By Paige Leskin
Alice Joyce Simpkins has come a long way since 2005.
That year, Simpkins had, medically-speaking, died. Twice. After being revived twice and going through grueling operations, she was put in a medically induced comma to go through the healing process.
When she awoke after two weeks, “my attitude towards life was completely different,” Simpkins said. Her fears had disappeared, and she was ready to take a new approach in what she was doing.
So, Simpkins decided to pick up writing again. She had taken a short hiatus, but her life-changing experience let her rediscover her passion for the written word. “There’s so many things I wanted to do, and I had the thought of ‘why waste time?’” she said. “Because my life has changed, I’m in a different place right now.”
Soon after joining local online programs and writing workshops, she found poetry slams hosted monthly at the White Plains Pubic Library. The “open mics” that were available allowed people to share their original pieces to a small audience.
Simpkins listened and participated a couple of times, soon realizing how much she enjoyed the slams and the competitions that occurred.
“I started to take the slams more seriously,” she said. “I began to rehearse my pieces, and won some of the contests.”
The host of the Library slams, Slam Master Eric “Zork” Alan, saw Simpkins’ potential and invited her to join the White Plains team that will go to the National Poetry Slam. The competition will take place in Boston in mid-August, and three other local residents will join Simpkins in the trip.
It will be her first time to Nationals, but not for her teammates. Simpkins says that their familiarity will be beneficial to her performances. “It’s awesome to have teammates who have been there before,” she said. “They have a lot of experience in how people act in different settings,” she said.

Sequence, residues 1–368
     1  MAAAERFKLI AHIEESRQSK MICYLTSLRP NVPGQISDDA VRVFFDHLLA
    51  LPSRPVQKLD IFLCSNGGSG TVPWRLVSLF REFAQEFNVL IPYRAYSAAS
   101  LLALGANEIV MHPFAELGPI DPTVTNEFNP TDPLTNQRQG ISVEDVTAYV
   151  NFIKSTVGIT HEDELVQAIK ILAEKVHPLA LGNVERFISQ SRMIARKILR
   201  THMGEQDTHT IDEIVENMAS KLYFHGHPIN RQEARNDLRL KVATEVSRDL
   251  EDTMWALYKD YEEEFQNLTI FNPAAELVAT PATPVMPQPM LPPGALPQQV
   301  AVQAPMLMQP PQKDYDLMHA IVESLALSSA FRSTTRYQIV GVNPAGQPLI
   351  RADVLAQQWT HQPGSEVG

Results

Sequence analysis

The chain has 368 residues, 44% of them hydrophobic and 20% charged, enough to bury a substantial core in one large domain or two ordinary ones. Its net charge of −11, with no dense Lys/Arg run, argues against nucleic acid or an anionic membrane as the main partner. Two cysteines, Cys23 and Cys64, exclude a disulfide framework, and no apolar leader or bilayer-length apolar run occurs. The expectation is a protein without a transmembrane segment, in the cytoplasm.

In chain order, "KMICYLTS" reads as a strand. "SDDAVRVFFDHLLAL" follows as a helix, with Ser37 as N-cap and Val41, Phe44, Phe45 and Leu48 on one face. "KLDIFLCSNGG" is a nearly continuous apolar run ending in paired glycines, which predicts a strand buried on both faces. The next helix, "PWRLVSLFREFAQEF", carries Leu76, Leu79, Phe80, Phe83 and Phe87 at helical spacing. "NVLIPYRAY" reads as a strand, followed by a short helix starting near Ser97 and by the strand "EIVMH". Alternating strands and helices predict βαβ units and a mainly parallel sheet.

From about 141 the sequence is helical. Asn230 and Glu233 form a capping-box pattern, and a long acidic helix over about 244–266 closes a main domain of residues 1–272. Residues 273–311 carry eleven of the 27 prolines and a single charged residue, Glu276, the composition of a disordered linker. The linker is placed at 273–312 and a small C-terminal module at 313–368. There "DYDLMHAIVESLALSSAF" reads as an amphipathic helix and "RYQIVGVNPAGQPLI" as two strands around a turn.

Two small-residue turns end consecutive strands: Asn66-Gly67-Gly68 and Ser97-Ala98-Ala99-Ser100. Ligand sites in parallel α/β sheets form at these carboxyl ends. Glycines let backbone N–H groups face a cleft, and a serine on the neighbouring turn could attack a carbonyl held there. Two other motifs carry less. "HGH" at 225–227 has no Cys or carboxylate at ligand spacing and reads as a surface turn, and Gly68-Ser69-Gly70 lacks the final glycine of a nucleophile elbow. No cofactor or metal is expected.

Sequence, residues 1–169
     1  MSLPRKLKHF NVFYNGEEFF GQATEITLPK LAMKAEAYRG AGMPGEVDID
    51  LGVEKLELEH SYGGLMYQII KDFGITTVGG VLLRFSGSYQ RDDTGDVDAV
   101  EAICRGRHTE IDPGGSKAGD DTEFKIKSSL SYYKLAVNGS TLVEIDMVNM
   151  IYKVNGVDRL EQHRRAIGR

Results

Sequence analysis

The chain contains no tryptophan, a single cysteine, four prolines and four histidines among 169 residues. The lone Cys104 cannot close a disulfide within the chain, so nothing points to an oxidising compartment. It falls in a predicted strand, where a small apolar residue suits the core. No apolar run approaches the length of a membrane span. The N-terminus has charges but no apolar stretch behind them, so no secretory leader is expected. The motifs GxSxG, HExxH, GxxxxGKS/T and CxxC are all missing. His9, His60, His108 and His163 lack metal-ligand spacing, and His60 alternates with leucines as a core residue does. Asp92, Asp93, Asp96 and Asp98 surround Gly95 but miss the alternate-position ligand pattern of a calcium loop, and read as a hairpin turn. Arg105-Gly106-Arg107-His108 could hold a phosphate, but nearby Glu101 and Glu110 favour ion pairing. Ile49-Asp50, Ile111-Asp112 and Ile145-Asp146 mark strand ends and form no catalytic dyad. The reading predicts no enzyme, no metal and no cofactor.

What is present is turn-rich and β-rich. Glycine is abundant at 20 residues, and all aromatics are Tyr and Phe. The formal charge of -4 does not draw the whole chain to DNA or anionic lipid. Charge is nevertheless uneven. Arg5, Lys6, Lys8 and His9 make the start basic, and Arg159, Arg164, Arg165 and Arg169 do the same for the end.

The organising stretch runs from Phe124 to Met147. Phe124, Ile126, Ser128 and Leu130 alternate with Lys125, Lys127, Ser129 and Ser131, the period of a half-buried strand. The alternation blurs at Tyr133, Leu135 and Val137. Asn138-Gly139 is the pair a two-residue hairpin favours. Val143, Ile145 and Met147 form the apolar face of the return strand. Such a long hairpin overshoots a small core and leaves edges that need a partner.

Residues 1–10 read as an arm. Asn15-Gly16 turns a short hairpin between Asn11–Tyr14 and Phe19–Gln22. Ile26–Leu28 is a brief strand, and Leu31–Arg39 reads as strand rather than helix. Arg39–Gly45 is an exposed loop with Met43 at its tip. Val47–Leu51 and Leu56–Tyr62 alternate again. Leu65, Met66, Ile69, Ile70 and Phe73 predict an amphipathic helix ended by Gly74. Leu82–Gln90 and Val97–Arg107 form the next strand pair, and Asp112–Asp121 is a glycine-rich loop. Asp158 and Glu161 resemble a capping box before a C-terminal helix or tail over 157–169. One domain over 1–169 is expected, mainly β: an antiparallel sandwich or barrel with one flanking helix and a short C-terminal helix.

Simpkins took pride in noting that she can offer a valuable skill to the team with her background. “I used to be an actress. I bring my improv knowledge,” she said. This helps her teammates to personify their pieces, to get into character to help convey the poetry’s message.
Simpkins holds deep admiration for slam poetry and its power. “Even though we’re poets and writers, we have to perform too,” she said. “You only have three minutes to bring your point across, with your expressions and your voice.”
Since discovering slam poetry, Simpkins has changed. She has drawn confidence from her poetry and the people around her, who tell her that she is making the right move in going into poetry. With that newfound poise, her poetry has improved too.
“You have to believe that what you’re reading is what people want to hear,” she said. “My confidence has increased one-hundred percent since being on this team.”
Simpkins has completely transformed her life since her near-fatal period more than eight years ago. “I’m doing a lot of things now that I had put off because of work and family,” she said.
Now, she is doing what she has always wanted to do. She often volunteers at the senior center when she has free time. She has made it a goal to examine her family’s history, where she can relate to her grandmother, who was a poet too.
“She wrote a lot of poetry, and I want to edit it into a book,” Simpkins said. Her grandmother, Alice Gibbs-Fripp, told Simpkins a lot of stories when she was younger, about living on a farm in South Carolina. “I retold her stories after she died, and I tell them in my poetry,” Simpkins said.
Poetry has reawakened Simpkins. She says she is amazed every day by what she can do and what comes out of her head. “I like that I have the ability to express myself,” she said. “A lot of the time I go, ‘Wow, that was me?’”
Simpkins doesn’t write and perform poetry for the glory and fame, as others do. She is grateful for the simple ability to share, to receive thanks for what she is doing.
“It’s what gets me through the day,” Simpkins said. “It’s all I need.”